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Economic Evaluation of Alternative Programs of Reduced-Stay Senile Cataract Surgery

Published online by Cambridge University Press:  29 November 2010

Ronald Wall
Affiliation:
University of Manitoba
Stephen Birch
Affiliation:
McMaster University
Millie McQuillin
Affiliation:
St. Mary's General Hospital, Kitchener*

Résumé

Chez les aînés, les cataractes séniles sont une des causes principales des diverses incapacités dues à la cécité. Le nombre de chirurgies pour des cataractes, opération permettant au patient de recouvrer la vue, augmentera probablement compte tenu du vieillissement de la population canadienne, des attentes grandissantes des patients et des progrès technologiques. Une des méthodes suggérées pour améliorer l'efficacité du traitement serait de réduire la durée traditionnelle du séjour post-opératoire. Cet article examine l'efficacité clinique et détermine le coût de différentes modalités de soins post-opératoires, du point de vue du système ontarien de soins de santé, des patients, de leurs aides, et de la société. Les coûts et les conséquences sont comparés en utilisant une méthodologie analytique de minimisation de côuts. Bien qu'un séjour post-opératoire écourté semble permettre de réaliser des économies, les conséquences distributionnelles qui surviennent lorsque le séjour post-opératoire à l'hôpital est remplacé par les soins à domicile pourraient ralentir son adoption. Dans le but d'éviter ces conséquences distributionnelles, il faudrait déduire les sommes destinées préalablement aux hôpitaux et les confier aux agences de soins communautaires et aux aides des patients. Compte tenu du fait qu'une chirurgie pratiquée dans un service de consultation externe semble être tout aussi efficace qu'une chirurgie pratiquée en milieu hospitalier, les responsables politiques devraient étudier les stratégies qui permettraient de bénéficier de ces économies possibles.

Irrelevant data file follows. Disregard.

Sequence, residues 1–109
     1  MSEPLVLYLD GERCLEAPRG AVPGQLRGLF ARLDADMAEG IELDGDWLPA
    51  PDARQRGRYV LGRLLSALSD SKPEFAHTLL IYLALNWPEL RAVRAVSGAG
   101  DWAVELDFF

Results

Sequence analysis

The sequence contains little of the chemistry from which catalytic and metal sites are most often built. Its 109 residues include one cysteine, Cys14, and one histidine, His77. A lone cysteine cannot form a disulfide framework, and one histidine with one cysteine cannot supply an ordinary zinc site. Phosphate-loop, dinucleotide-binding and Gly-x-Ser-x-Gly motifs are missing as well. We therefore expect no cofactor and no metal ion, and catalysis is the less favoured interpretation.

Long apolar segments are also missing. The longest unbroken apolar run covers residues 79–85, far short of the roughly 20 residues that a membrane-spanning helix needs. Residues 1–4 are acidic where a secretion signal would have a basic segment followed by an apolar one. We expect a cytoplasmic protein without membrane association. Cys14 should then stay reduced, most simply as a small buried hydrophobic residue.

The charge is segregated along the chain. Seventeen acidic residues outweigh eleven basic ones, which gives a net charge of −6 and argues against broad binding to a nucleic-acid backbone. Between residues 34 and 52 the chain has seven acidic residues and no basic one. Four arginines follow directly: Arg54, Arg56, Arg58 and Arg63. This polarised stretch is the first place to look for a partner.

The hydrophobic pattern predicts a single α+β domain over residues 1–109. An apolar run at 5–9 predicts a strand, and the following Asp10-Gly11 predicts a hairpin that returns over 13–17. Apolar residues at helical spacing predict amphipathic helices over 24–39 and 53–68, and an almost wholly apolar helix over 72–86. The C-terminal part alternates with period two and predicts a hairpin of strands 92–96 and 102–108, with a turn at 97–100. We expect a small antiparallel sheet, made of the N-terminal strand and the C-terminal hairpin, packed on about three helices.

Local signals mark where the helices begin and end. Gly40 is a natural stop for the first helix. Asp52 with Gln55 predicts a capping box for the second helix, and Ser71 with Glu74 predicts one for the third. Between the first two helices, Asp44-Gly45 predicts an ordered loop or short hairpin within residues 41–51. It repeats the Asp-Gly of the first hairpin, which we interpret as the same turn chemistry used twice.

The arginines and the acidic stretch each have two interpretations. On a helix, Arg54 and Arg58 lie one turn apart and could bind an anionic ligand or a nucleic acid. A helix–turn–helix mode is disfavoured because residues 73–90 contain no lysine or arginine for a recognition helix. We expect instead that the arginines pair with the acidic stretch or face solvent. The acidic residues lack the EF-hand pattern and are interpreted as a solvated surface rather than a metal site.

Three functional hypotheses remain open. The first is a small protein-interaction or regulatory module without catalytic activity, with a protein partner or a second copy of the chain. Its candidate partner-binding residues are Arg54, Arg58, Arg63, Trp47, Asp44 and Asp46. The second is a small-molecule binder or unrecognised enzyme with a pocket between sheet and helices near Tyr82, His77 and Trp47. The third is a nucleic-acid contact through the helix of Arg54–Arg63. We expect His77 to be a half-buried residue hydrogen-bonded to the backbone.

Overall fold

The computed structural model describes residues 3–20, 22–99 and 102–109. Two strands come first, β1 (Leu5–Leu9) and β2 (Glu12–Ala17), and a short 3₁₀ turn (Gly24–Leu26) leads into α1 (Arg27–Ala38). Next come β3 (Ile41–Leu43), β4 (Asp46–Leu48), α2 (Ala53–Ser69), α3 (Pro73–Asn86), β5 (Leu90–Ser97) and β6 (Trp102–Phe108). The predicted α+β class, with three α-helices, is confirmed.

Type
Articles
Copyright
Copyright © Canadian Association on Gerontology 1991

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